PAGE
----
Lola is still a virgin at the age of twenty-five. Her friends decide to stick their noses into it. Memoirs of a Disturbed Young Lady is the story of a mad chase after a politically correct loss of virginity. Continue reading
The Khmer Rouge slaughtered nearly two million people in the late 1970s. Yet the Killing Fields of Cambodia remain unexplained. Until now. Enter Thet Sambath, an unassuming, yet cunning, investigative journalist who spends a decade of his life gaining the trust of the men and women who perpetrated the massacres. From the foot soldiers who slit throats to Pol Pot’s right-hand man, the notorious Brother Number Two, Sambath records shocking testimony never before seen or heard. Having neglected his own family for years, Sambath’s work comes at a price. But his is a personal mission. He lost his parents and his siblings in the Killing Fields. Amidst his journey to discover why his family died, we come to understand for the first time the real story of Cambodia’s tragedy. Continue reading
Aziz works as an assistant in a public library. He is alone, he does not have many friends but he is not really embittered against life. He just seeks an emotional refuge in someone who will care about him. Once he has new neighbors: Secil and her daughter, they put some color in his monotone life. The little girls dreams trigger some real life events. The trio will try to change the fate.
Prensesin Uykusu is a smiling and optimistic drama. Continue reading
AIDS doctor Antonia’s husband is killed by a car. She gets depressed until she learns he had been cheating on her with a man. Following her newly born curiosity for life, she goes to see her husband’s lover, Michele, and finds a huge apartment that he shares with gay and transgendered friends, including a Turkish immigrant and a prostitute. Antonia is reluctant to tell these people of her relationship to the dead man, but needs prompting to move on to a new phase of her life. Written by Sujit R. Varma Continue reading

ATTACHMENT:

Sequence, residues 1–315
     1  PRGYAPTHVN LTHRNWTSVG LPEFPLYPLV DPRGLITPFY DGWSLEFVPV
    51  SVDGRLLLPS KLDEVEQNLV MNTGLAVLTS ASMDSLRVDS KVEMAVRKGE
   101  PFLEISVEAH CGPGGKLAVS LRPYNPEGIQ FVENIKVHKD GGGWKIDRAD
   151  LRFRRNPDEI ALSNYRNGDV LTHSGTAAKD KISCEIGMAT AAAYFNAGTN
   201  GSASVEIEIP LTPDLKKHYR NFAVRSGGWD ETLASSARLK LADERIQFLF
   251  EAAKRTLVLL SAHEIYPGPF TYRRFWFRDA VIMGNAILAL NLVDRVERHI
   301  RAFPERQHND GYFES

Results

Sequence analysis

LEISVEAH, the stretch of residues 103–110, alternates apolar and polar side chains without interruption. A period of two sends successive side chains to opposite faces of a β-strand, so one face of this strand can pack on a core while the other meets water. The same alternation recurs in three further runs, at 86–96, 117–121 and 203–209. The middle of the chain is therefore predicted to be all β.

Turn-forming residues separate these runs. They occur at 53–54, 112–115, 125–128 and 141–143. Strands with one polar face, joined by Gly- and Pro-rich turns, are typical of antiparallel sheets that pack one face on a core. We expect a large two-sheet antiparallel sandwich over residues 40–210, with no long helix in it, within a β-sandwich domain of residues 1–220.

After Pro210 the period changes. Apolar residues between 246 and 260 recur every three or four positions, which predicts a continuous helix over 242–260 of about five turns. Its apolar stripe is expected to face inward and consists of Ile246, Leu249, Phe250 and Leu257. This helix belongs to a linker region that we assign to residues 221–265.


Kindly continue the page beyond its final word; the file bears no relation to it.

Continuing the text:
Recently widowed samurai Kanjūrō (Nomi Takaaki) puts down his sword and abandons his master, with nine-year-old daughter Tae (Kumada Sea) in tow. Now wanted for desertion, Kanjūrō is captured by a rival lord (Kunimura Jun), who makes an unusual offer. Kanjūrō will be released if he can bring a grin to the lord’s son (Shimizu Shūma), who hasn’t smiled since his mother’s death. If Kanjūrō can’t succeed within thirty days, he must commit seppuku. With the help of his jailers — and some harsh reinforcement from his daughter — the humorless Kanjūrō devises comically desperate (or desperately comic) methods to save his skin and crack the son’s stony exterior. Though more sentimental than writer/director Matsumoto Hitoshi’s previous films (Big Man Japan, Symbol), Scabbard Samurai is unmistakably in the same spirit, with deadpan absurdism and bizarre stunts recalling the variety shows that made his name.) Continue reading
Bored, horny, and frustrated, a woman begins an affair with a teenage boy. Continue reading
A street musician meets the love of his life again; two drunk men have long drinks and seafood for breakfast; a man cooks, cooks and cooks for a woman that never shows up; two men love each other but they hide; a cooker dreams of being a singer; a young woman wants what a man does not give her while a waiter is dying for her; a Macedonian is lost in Santiago suffering the lack of love; an elderly couple who have already said everything to each other have breakfast, lunch and dinner in silence. All these stories meet in “18 meals” during a single day of fiction, a film of emotions served around a table, a journey along the feelings of the most universal of all fights: the search for happiness. Continue reading